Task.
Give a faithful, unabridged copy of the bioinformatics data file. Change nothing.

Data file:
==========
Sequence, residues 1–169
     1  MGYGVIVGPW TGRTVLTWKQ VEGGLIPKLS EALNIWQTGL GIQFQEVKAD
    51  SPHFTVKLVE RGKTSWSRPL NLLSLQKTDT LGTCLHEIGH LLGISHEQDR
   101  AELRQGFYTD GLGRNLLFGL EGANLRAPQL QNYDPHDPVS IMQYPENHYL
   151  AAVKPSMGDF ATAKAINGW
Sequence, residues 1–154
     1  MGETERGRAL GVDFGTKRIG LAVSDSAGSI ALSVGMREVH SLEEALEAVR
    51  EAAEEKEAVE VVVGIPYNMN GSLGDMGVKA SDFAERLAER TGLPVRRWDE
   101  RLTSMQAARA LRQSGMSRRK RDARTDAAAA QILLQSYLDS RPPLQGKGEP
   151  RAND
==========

Sequence, residues 1–169
     1  MGYGVIVGPW TGRTVLTWKQ VEGGLIPKLS EALNIWQTGL GIQFQEVKAD
    51  SPHFTVKLVE RGKTSWSRPL NLLSLQKTDT LGTCLHEIGH LLGISHEQDR
   101  AELRQGFYTD GLGRNLLFGL EGANLRAPQL QNYDPHDPVS IMQYPENHYL
   151  AAVKPSMGDF ATAKAINGW
Sequence, residues 1–154
     1  MGETERGRAL GVDFGTKRIG LAVSDSAGSI ALSVGMREVH SLEEALEAVR
    51  EAAEEKEAVE VVVGIPYNMN GSLGDMGVKA SDFAERLAER TGLPVRRWDE
   101  RLTSMQAARA LRQSGMSRRK RDARTDAAAA QILLQSYLDS RPPLQGKGEP
   151  RAND